Unless you are going to be driving in large temp variations (snow to desert) regularly it would seem unnecessary. It's all about avoiding adiabatic changes in pressure from temp. That's why commercial jets that can be on 50 deg Tarmac and minus 50 deg half an hour later in cruise use it in tyres to maintain a reasonable pressure. Incidentally they also use it to inert unused fuel tanks.

Cheers
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Follow Up By: Member - Jack - Friday, Jan 31, 2014 at 18:01

Friday, Jan 31, 2014 at 18:01
I just*** hate*** those adiabatic changes.

Jack
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Follow Up By: Ross M - Friday, Jan 31, 2014 at 19:28

Friday, Jan 31, 2014 at 19:28
Those b%@@&y adiabats are always changing things.
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Reply By: Ross M - Friday, Jan 31, 2014 at 16:01

Friday, Jan 31, 2014 at 16:01
It makes money for the caravan supplier.
If they filled the tyres with air then they can't charge as much.
All tyre service places usually use that stuff filled with air.
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Reply By: RobAck - Friday, Jan 31, 2014 at 18:19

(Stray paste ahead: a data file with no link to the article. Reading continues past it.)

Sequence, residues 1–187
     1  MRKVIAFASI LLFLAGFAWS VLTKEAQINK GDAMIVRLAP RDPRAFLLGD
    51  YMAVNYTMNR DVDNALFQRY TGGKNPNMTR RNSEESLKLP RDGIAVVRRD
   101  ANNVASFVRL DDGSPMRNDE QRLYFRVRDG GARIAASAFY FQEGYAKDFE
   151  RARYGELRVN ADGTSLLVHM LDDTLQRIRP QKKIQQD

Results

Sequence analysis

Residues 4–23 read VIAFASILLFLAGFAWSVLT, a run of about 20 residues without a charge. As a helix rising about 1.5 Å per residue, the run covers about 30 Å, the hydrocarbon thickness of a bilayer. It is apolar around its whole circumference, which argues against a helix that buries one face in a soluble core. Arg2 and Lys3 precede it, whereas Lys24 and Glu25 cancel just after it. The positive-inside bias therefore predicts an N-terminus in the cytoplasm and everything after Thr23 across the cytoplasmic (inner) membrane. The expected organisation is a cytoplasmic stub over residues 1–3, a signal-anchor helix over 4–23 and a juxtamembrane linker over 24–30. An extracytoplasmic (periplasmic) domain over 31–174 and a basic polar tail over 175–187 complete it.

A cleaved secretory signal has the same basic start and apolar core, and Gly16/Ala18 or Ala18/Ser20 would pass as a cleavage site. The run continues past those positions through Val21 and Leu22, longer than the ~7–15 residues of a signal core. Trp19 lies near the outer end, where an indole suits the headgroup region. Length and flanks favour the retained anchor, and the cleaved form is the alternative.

Friday, Jan 31, 2014 at 18:19
If you check with your motoring organisation I suspect you will find a low level of support. Great for motor racing and the truck industry but a complete waste of time for normal users. If you own a 4Wd and regularly change your tyre pressures as you should then its a complete waste of money except for the marketers

Rob
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Follow Up By: Member - PJR (NSW) - Saturday, Feb 01, 2014 at 07:55

Saturday, Feb 01, 2014 at 07:55
I have to agree. I just went up and down this thread and I am positive that not many seem to go off the beaten track. I ma fairly sure that you wouldn't get any nitrogen to fill the flat from Maree, Bridsville, Finke or even Oodnadatta. Do you all seem to stay on the bitumen?

I wouldn't touch it with a barge poll. Absolutely none where we (and the club) go. Even had an issue with a bloke with LPG. On a club trip, came across a road closed and had to do a 238 Km detour because he didn't have enough LPG to get home the detour way.

Not for us thanks.

Phil
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Follow Up By: howesy - Saturday, Feb 01, 2014 at 20:57

Saturday, Feb 01, 2014 at 20:57
at last some common sense,, agree complete waste of time for users who are constantly changing pressures for surfaces. but if you insist I can also sell you rocking horse **** for the garden. :-)
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Follow Up By: Member - PJR (NSW) - Saturday, Feb 01, 2014 at 21:31

Saturday, Feb 01, 2014 at 21:31
I have some gnomes. That's pronounced with a "GGG" a break and then "nomes".